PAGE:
Tuesday, July 21, 2009

Some questions on the arrest warrants of the ICC

Alex de Waal's blog had an interesting exchange between Christine Chung, Christian Palme, and de Waal and Julie Flint. It's a National Enquirer read for the most part, so I thought I would take the discussion back to the judicious language (and less gratuitous snark) that the blogosphere is well-known for ;-)

Alex and Julie,

In the spirit of continuing the substantive discussion, rather than the character discussion (which is tawdry, no?) I would like to ask you to re-state your objections to the indictment (arrest warrant) against al-Bashir. You say, "We do not oppose ICC justice in Darfur — only for the president, now." It would be nice also to leave aside in this discussion the issue of the genocide charges, since the consequences in terms of legal reasoning and precedent of having al-Bashir be tried for genocide for what happened in Darfur is I think not essential to what, as you have stated many times, are the quite significant enough crimes of war and crimes against humanity.

My understanding at the time (last March) was that you thought it would completely derail the peace process and possibly lead to enormous human suffering if al-Bashir "angrily" retaliated at the affront to his honor (I think that is how you characterized it). It seems neither has happened to the degree predicted. If anything, the peace processes (CPA and Darfur) are on better tracks than they were before the arrest warrant (we shall see tomorrow with Abyei), and even with the charade of expulsion and readmittance and non-readmittance of aid groups, the increase in suffering, while evidently quite real to those who suffer, has neither affected policymakers and media (chastened perhaps by the joint Mamdani-de Waal offensive) nor IDP community organizers (no large movements or protests seem to have emerged).

Since your objections to the arrest warrant were largely consequentialist, and those consequences have not emerged, have you rethought your position? I would be the first to say that the arrest warrant complicates the various processes, but a "non-arrest warrant" situation (held in reserve like a secret hammer?) would also have complicated things. So I am not sure there is much basis to make judgments on the action.

My own position is that the ICC as a quasi-independent judiciary once established has a logic that is certainly quirky, but not self-evidently negative, and hard to say how it could be improved upon given what the ICC actually is (a court established by a treaty, with lots of rules spelled out in the treaty), and the division among African countries (and I'll stand with Botswana any day on this, rather than Zimbabwe and Libya and all the others!) over ICC suggests that many people value the steps being taken towards an end to impunity, as complements to local/national struggles for establishment of robust, genuine, rule of law/human rights/civil freedoms etc.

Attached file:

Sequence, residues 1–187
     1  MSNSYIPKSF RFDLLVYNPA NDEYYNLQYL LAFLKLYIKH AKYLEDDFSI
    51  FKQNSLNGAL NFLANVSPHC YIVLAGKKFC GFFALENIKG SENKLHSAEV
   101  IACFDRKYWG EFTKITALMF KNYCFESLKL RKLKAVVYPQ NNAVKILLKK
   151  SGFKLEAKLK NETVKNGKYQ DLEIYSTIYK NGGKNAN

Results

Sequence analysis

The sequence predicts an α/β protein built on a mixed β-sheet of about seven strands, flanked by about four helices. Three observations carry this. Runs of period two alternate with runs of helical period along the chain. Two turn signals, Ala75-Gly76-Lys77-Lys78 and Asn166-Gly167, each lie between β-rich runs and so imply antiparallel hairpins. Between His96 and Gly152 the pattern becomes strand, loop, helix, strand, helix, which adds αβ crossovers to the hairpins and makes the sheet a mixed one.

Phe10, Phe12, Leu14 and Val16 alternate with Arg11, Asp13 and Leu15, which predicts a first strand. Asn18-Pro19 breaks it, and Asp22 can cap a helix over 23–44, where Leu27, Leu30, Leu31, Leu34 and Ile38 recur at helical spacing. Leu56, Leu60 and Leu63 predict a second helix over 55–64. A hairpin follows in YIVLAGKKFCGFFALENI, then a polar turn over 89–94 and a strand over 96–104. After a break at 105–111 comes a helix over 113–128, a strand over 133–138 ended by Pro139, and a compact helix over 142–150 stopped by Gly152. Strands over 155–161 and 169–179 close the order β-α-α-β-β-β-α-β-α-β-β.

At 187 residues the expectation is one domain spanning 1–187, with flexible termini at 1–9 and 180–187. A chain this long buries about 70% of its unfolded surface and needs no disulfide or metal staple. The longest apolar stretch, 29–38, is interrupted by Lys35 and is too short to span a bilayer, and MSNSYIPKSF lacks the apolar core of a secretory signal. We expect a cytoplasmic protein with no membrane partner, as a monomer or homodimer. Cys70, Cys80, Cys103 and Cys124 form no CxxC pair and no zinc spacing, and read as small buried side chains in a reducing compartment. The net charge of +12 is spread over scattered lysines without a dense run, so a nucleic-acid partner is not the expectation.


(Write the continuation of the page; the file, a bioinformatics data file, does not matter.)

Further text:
I am not sure that there is any basis to have a great objection to the arrest warrant against al-Bashir "now". Sure one can object, but when objecting one should perhaps be clear that one is objecting because of a "gut" feeling rather than because one's status as an expert means one has some secret knowledge or insight that others cannot access, and so one's objection should have more standing than other's "embrace" of the arrest warrant "now".

Lastly, I take it that you think the arrest warrants against Ahmed Haroun and Ali Kushayb were good actions (otherwise do you mean something else when you say you "do not oppose ICC justice in Darfur"). When people ask you, "Why aren't they in jail?" I presume you give the reasonable person's explanation of the limits of the ICC, the power of the Khartoum regime to protect its own, the low likelihood of outside intervention, and hence the likelihood of delay, perhaps until after 2011... and the same reasoning applies to al-Bashir, no?


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